The growth of Mozambique’s gas market in 2022 and onwards will be a game changer for Africa’s hydrocarbon market and will help set the continent on a trajectory towards becoming a global energy hub, according to the African Energy Chamber’s (AEC) Q1 2022 Outlook, The State of African Energy.
At a time when gas production across Africa needs to ramp up to meet growing energy demand, factors such as inadequate funding in new E&P activities and diminishing production in legacy projects is challenging the ability of African hydrocarbon producing countries to expand gas output. However, large-scale projects and investments made in Mozambique – with its 100 trillion cubic feet of reserves – can help expand Africa’s gas market.
Supply vs demand levels between 2022-2025 suggest that there is sufficient Liquefied Natural Gas (LNG) supply to satisfy growing demand as new projects come online in 2022 such as the Coral Floating Liquefied Natural Gas project (FLNG) in Mozambique, states the AEC’s Outlook. The Coral FLNG, comprising approximately 450 billion cubic metres of gas in the Coral South Field in Area 4 in the Rovuma Basin off the coast of Mozambique, will enable the southern African country to produce 3.4 million tons per annum (mtpa) of gas for export to Europe and Asia in 2022. Additionally, TotalEnergies’ 12.8 mtpa Mozambique LNG project and Eni and ExxonMobil’s 15.2 mtpa Rovuma LNG project have the potential to transform the regional gas market, positioning Mozambique as a highly competitive gas exporter. Despite both projects having been delayed, progress is being made to get these developments back on track.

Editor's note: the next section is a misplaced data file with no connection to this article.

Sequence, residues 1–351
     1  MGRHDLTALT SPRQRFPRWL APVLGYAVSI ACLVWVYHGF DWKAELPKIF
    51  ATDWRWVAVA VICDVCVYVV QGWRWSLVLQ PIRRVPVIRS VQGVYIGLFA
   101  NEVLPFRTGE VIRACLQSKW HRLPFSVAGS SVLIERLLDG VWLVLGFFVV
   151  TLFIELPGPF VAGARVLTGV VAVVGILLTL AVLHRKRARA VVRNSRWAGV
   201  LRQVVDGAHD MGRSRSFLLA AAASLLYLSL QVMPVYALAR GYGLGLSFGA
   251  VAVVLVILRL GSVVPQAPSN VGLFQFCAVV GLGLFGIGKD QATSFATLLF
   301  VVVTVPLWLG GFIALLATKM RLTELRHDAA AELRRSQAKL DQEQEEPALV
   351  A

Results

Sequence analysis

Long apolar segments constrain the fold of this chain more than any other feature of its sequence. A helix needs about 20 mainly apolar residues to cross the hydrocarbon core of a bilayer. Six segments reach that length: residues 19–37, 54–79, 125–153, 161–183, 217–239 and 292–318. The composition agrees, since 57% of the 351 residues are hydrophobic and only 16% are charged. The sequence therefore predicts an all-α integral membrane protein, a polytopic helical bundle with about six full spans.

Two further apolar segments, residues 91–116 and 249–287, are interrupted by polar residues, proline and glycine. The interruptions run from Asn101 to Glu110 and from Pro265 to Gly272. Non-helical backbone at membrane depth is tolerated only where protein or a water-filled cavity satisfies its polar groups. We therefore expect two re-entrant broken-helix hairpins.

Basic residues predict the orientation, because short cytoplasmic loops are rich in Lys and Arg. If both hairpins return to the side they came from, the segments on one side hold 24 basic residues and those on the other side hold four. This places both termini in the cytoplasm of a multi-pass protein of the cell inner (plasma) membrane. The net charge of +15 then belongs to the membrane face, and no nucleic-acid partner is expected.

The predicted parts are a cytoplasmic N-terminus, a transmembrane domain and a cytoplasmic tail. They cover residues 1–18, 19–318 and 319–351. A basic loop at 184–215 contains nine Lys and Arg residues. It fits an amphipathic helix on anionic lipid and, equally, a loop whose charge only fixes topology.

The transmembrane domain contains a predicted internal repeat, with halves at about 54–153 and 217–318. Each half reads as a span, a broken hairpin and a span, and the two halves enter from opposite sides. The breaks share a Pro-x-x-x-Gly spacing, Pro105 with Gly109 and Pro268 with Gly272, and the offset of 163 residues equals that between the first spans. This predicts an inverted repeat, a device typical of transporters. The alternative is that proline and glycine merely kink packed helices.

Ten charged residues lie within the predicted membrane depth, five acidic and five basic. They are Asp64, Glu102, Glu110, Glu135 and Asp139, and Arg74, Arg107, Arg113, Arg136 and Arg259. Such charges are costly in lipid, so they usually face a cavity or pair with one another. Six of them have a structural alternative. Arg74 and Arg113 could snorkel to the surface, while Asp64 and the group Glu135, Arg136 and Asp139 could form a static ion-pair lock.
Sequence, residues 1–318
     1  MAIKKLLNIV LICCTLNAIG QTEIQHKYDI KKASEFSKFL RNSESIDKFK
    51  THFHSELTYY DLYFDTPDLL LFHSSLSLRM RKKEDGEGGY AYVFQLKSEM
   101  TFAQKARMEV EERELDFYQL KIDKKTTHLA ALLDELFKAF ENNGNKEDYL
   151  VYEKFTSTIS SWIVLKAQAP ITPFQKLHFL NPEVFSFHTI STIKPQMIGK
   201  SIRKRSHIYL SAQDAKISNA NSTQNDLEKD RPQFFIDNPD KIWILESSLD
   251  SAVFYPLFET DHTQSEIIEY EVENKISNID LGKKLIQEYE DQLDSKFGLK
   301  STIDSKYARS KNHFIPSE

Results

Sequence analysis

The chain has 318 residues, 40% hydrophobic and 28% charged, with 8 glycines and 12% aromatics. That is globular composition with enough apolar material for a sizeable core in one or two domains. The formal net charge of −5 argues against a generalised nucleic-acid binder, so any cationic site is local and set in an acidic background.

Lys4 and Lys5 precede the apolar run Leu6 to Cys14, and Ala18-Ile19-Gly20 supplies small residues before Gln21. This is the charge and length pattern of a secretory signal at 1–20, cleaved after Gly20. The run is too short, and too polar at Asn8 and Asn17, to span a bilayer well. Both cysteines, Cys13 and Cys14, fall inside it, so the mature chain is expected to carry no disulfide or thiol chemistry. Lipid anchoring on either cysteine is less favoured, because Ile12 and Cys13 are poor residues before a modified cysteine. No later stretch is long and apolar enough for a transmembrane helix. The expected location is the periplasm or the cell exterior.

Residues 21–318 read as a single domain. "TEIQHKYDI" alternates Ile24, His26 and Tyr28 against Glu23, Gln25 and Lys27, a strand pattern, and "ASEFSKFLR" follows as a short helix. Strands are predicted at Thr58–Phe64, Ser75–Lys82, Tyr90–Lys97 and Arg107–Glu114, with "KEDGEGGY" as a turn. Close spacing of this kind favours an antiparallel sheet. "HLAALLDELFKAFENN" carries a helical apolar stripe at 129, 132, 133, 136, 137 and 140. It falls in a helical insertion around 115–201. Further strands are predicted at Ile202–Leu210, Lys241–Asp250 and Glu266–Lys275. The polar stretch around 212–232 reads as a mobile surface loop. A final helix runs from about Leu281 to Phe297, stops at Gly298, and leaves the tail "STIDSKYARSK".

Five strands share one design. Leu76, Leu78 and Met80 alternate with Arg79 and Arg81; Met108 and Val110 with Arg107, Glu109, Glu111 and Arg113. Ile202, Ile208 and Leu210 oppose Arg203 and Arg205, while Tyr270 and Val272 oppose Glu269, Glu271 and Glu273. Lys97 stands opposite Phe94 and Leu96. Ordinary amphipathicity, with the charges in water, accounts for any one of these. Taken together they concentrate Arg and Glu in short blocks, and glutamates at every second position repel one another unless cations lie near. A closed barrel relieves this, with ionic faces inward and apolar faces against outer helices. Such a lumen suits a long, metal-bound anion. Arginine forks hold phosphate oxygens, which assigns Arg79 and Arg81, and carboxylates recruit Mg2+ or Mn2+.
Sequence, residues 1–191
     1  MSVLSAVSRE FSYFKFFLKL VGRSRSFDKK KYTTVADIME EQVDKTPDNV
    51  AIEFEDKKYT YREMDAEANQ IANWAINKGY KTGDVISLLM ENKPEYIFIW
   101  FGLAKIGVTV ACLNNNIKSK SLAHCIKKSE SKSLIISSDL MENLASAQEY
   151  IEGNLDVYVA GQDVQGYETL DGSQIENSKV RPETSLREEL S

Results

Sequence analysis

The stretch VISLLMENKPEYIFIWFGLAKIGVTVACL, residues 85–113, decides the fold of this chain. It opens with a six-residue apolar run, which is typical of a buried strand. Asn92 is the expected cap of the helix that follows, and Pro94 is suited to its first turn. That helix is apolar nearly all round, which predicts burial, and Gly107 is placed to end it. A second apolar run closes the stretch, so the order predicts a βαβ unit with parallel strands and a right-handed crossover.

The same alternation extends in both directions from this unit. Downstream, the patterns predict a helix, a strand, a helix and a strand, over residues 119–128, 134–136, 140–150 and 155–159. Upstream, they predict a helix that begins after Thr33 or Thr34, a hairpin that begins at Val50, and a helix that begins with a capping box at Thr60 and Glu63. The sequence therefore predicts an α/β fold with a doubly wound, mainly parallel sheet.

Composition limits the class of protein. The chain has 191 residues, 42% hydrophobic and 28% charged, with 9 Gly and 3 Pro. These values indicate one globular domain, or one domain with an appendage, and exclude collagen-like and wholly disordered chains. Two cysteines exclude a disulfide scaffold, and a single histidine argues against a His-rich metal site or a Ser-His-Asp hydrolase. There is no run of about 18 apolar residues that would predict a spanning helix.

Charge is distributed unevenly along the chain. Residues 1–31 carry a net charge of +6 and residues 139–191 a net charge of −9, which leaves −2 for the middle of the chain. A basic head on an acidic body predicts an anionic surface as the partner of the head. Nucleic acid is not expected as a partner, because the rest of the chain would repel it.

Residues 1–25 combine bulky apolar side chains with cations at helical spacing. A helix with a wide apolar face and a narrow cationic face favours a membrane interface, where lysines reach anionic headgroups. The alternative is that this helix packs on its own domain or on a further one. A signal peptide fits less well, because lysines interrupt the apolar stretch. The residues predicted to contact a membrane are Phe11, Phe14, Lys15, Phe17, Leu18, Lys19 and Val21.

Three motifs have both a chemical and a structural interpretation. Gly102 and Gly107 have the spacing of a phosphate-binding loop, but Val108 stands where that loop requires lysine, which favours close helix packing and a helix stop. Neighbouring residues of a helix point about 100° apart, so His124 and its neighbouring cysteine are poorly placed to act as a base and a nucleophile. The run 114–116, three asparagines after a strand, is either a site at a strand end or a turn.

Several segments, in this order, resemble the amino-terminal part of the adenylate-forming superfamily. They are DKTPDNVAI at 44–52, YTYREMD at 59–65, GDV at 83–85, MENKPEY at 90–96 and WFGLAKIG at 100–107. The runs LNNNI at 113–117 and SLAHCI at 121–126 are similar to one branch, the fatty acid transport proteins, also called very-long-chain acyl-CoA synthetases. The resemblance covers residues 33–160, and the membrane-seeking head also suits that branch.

According to the Energy for Growth Hub, Mozambique’s gas could bring in $50 billion in foreign investments and enable the government to reap $95 billion in revenues over the next 25 years with the right policies and investments in place as well as a capital attractive political environments. Mozambique can also utilize its energy reserves to curb energy poverty as the percentage of its population living with no access to reliable energy continues to increase from 19.6 million in 2007 to over 21 million in 2017, according to the United Nations Development Programme.
“Mozambique’s gas reserves have the potential to address energy poverty across the entire southern African region by helping neighbouring countries such as Zimbabwe, Botswana, Malawi and South Africa meet gas demands. However, political instability in the country and a lack of investment in enabling infrastructure will need to be addressed for Mozambique to become one of the top-10 global LNG exporters,” stated NJ Ayuk, Executive Chairman of the AEC.
Despite having vast gas reserves, Mozambique’s progress in development and monetization remains slow. This highlights a growing need for the government to put in place a conducive political environment that allows investors and international majors to participate in the market. In this regard, the AEC’s annual investment summit, African Energy Week (AEW), which will take place in Cape Town from 18 – 21 October 2022, will discuss measures the government of Mozambique can implement to fast-track the development of its gas industry. AEW 2022 will host panel discussions and high-level meetings about the role of Mozambique’s gas industry in addressing energy poverty across the African continent and how the country can set up a capital-attractive regime to boost its market.
African Energy Week